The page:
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Word learning, Phonology, Prosody, Tone, Language development


To efficiently recognize words, children learning an intonational language like English should avoid interpreting pitch-contour variation as signaling lexical contrast, despite the relevance of pitch at other levels of structure. Thus far, the developmental time-course with which English-learning children rule out pitch as a contrastive feature has been incompletely characterized. Prior studies have tested diverse lexical contrasts and have not tested beyond 30 months. To specify the developmental trajectory over a broader age range, we extended a prior study (Quam & Swingley, 2010), in which 30-month-olds and adults disregarded pitch changes, but attended to vowel changes, in newly learned words. Using the same phonological contrasts, we tested 3- to 5-year-olds, 24-month-olds, and 18-month-olds. The older two groups were tested using the language-guided-looking method. The oldest group attended to vowels but not pitch. Surprisingly, 24-month-olds ignored not just pitch but sometimes vowels as well—conflicting with prior findings of phonological constraint at 24 months. The youngest group was tested using the Switch habituation method, half with additional phonetic variability in training. Eighteen-month-olds learned both pitch-contrasted and vowel-contrasted words, whether or not additional variability was present. Thus, native-language phonological constraint was not evidenced prior to 30 months (Quam & Swingley, 2010). Given the surprising insensitivity to mispronunciations at 24 months, we tested 24-month-olds in two additional experiments, which are reported in Supplemental Materials. Experiment S1 tested 24-month-olds in the low-variability condition of the Switch procedure used at 18 months, finding that—in contrast to 18-month-olds—24-month-olds did not detect switches to the trained word-object pairings when the switches involved either a pitch change or a vowel change. Experiment S2 again used Switch habituation training, but tested children in a language-guided looking test instead of a Switch test (Yoshida, Fennell, Swingley, & Werker, 2009). Again, 24-month-olds showed no evidence of detecting subtle differences in word pronunciations. The data from all five experiments (1, 2, 3, S1, S2) are included in the data files in the interests of transparency.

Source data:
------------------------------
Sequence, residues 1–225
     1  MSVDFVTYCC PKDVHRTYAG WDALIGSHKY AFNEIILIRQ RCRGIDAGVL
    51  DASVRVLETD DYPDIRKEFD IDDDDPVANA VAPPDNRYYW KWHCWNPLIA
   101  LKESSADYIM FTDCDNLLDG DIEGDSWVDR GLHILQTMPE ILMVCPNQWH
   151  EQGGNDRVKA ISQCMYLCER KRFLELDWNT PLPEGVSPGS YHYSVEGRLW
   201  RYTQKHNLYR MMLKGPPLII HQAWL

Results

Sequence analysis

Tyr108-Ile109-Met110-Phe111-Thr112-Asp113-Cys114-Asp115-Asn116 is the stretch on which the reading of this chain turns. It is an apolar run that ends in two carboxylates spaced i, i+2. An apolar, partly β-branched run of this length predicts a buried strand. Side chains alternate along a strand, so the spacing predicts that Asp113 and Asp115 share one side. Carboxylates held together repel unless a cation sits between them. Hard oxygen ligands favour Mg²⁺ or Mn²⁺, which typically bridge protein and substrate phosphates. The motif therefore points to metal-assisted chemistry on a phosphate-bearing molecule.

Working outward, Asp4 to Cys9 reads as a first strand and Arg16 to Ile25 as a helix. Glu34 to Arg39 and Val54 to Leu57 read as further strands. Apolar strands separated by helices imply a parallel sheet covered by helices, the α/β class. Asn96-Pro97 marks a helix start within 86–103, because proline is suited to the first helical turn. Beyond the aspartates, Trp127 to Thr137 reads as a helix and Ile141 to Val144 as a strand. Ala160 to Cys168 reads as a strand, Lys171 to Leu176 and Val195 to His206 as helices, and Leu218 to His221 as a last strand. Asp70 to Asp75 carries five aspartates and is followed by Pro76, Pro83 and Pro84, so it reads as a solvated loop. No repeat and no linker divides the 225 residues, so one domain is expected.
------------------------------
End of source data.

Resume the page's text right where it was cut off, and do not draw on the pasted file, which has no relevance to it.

This is an open access article under the terms of the Creative Commons Attribution‐NonCommercial‐NoDerivs License, which permits use and distribution in any medium, provided the original work is properly cited, the use is non‐commercial and no modifications or adaptations are made. © 2024 The Authors. Infancy published by Wiley Periodicals LLC on behalf of International Congress of Infant Studies.



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